Ugh. Best. Week. Ever. I'll start with the changes on Tuesday. Elder Gallegos is training, so I have my second grandson in the mission. His name is Elder Alder (another white grandson :D), and he seems quite nice. His Spanish was pretty good when he introduced himself in the changes meeting, so we'll see what he can do. Elder Gallegos is going to learn a LOT while training.
They didn't call out my changes until the very end, so all of the anxiety had pretty much left me. It turned into "can you just give me my changes now?" Usually I'm called out first, so it was just the opposite. I'm now the Zone Leader with Elder Grajales (from Columbia) of the Tecamac 1 zone. The majority of the mission is in Pachuca, but Tecamac 1 is one of the two zones that are in the state of Mexico. We're about 45 minutes outside of the heart of Mexico City (as well as the temple we can't go to; tamptation...), and it's SUPER LOCO out here! Like, I thought I knew what it was like to ride a bike like a Mexican, weaving in and out of traffic, but it was absolutely nothing compared to here. From day one, we were crossing highways, weaving through bumper to bumper traffic (I felt a little mean doing so, but we've got quite a bit of work to do), and kicking dogs at our heals. I think I'm going to die here... and I'm not talking about as a missionary.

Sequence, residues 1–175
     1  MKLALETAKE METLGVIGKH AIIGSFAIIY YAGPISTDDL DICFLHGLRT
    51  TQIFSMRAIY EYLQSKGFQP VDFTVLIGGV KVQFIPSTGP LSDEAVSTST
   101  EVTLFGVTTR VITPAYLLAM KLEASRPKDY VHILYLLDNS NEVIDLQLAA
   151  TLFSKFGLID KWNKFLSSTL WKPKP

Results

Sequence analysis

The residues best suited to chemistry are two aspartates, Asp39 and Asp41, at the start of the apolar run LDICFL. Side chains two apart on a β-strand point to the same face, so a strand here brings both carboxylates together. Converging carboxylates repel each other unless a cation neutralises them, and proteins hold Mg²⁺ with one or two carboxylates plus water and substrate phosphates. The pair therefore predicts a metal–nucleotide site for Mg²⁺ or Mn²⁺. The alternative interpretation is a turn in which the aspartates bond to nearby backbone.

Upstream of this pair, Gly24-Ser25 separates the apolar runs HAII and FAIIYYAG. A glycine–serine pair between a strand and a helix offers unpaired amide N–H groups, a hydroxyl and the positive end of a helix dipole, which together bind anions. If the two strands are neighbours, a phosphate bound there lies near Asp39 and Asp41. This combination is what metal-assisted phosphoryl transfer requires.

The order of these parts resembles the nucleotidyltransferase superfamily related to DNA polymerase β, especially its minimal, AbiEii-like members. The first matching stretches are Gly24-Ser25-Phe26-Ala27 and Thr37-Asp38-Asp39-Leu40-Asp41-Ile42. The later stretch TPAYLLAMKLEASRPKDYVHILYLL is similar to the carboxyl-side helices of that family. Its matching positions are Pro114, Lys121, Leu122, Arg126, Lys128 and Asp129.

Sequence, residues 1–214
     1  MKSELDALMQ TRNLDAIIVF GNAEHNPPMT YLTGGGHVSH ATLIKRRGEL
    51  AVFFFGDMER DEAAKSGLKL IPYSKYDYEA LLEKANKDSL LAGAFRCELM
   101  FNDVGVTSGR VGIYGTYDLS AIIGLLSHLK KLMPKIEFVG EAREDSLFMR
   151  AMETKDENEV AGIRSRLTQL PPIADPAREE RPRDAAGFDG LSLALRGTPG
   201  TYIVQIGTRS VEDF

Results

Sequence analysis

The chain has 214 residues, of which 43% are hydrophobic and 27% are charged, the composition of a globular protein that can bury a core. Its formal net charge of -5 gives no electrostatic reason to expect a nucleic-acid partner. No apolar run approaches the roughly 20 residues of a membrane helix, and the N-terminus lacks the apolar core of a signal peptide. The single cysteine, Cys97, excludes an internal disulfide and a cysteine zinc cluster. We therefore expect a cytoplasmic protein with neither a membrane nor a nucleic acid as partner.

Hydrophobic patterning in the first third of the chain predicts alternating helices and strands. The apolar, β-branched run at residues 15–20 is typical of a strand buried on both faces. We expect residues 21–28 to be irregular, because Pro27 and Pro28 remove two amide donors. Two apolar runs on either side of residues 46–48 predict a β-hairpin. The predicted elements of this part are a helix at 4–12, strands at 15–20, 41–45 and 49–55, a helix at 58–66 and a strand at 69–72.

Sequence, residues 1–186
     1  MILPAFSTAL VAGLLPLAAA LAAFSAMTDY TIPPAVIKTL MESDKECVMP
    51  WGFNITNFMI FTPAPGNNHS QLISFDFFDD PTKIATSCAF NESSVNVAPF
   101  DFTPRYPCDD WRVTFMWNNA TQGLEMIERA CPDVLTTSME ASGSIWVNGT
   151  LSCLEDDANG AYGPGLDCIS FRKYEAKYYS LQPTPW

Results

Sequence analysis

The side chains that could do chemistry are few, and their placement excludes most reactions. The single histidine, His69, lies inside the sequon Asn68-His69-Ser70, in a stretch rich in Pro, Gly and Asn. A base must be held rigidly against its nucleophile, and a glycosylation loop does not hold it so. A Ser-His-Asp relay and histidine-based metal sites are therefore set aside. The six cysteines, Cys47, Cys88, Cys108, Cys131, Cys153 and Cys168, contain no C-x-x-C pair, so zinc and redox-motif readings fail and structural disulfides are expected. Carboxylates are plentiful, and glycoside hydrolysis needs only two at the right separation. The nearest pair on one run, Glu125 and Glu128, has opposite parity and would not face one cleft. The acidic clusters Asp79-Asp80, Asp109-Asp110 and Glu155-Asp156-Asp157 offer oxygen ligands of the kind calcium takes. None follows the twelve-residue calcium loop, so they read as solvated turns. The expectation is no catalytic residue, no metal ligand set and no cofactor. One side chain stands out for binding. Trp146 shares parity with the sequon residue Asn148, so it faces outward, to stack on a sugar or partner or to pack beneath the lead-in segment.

I feel that I've accustomed pretty well to the life as a zone leader; its a lot easier being a zone leader than a district leader because I have a companion to share the duties with. I have time to cook at night and do lots of other stuff I haven't had time to do in the last 7 months! It's wonderful! The best part is that my first son, Elder Gonzalez, is a district leader here in Tecamac 1, and he's still training my first grandson, Elder Johnson. We're all gonna get together someday (with Elder Gallegos and his son) to take a big family picture. It's gonna be great.